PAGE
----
Now, with the advent of the on-board Chai Air Times "Pro" program, the online program should be used with great caution or not at all in the following four situations:: (1) long flights lasting more than 14 hours (they often follow non-ideal routes to avoid headwinds, bad weather, etc.), (2) easterly flights over the North Atlantic during the winter months (they often encounter tail winds), (3) flights from North America to the Far East [they often follow non-ideal routes for the reasons given in (1)], (4) all El Al flights to eastern destinations (they are always circuitous due to restrictive routing).  The full version of the Chai Air Times "Pro" program now has a GPS device interface which makes it highly user friendly and gives the calculations unbeatable accuracy.  Furthermore, the majority of airlines including Continental, Delta, and United (with the notable exception of El Al) allows the onboard use of GPS devices and also provide 112 V plugs for laptops.  (The non GPS program option can be used for El Al flights.)  The onboard program with GPS is therefore the best option for anyone traveling with a PC laptop. The major disadvantage is that you must book a window seat in order to allow for reliable reception (the weak GPS signal can't penetrate far into the metallic shell of the airplane).  Use the link above for more information.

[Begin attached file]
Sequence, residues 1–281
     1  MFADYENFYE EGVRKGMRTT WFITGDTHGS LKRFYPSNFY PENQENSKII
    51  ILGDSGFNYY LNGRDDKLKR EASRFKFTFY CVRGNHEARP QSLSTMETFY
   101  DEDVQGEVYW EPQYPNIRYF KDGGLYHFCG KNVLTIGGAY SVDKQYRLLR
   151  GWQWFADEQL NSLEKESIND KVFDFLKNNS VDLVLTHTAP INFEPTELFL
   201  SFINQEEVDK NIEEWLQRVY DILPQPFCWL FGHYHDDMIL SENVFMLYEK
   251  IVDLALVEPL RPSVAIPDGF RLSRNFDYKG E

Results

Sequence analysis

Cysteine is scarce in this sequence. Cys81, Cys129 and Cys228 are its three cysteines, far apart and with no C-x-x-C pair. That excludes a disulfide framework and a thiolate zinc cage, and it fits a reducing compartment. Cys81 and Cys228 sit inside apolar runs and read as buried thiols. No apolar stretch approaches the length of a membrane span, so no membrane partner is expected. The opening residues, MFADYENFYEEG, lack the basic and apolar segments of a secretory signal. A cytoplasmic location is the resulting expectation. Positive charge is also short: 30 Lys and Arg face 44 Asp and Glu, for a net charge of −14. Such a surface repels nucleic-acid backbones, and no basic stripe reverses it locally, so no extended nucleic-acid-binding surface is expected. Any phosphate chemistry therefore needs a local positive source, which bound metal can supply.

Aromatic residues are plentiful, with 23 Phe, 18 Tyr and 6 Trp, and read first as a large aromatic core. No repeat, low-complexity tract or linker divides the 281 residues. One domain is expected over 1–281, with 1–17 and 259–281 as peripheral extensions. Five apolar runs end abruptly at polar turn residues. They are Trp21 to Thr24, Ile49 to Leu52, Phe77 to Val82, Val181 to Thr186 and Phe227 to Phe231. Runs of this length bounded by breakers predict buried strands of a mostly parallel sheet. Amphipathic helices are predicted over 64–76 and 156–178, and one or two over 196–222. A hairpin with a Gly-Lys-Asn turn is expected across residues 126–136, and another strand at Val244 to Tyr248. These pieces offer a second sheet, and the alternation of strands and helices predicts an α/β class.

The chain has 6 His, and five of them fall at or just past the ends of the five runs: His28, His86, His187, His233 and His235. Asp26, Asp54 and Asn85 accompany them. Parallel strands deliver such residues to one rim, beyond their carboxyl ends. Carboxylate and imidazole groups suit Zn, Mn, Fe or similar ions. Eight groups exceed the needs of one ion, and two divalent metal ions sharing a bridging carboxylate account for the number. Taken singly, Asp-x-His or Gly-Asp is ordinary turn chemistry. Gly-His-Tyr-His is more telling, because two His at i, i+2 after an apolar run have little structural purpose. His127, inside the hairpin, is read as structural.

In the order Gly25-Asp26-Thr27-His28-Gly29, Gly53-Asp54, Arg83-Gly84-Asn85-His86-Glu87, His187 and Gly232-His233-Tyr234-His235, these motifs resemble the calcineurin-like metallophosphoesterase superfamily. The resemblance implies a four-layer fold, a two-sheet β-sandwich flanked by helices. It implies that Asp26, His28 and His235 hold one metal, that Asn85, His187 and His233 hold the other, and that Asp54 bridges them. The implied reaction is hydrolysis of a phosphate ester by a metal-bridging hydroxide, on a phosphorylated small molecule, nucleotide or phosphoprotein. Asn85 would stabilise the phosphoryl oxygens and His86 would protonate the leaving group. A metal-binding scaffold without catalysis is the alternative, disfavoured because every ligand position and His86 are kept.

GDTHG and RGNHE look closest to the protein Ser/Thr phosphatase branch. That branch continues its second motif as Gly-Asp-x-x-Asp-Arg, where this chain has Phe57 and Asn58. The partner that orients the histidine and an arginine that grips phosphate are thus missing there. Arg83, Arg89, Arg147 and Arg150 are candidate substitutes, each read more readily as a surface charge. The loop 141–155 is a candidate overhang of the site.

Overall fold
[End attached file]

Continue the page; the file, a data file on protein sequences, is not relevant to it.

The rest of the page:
There is a dispute among the authorities whether the z'manim on the airplane are calculated according the airplane's height or according to the ground below the airplane. The difference between the two is approximately a half hour. That is, sunrise/sunset will appear about a half hour earlier/later for an observer on the airplane than for an observer on the ground. In fact, sunrise times for an observer at the height of the airplane are impossible to calculate to accuracy much better than a half hour. This is due to daily variations in the refraction of the light through an extremely long air path. Therefore, out of necessity, and for the sake of simplicity, the Chai Air Tables calculate all times according to an observer on the ground at the coordinates of the airplane.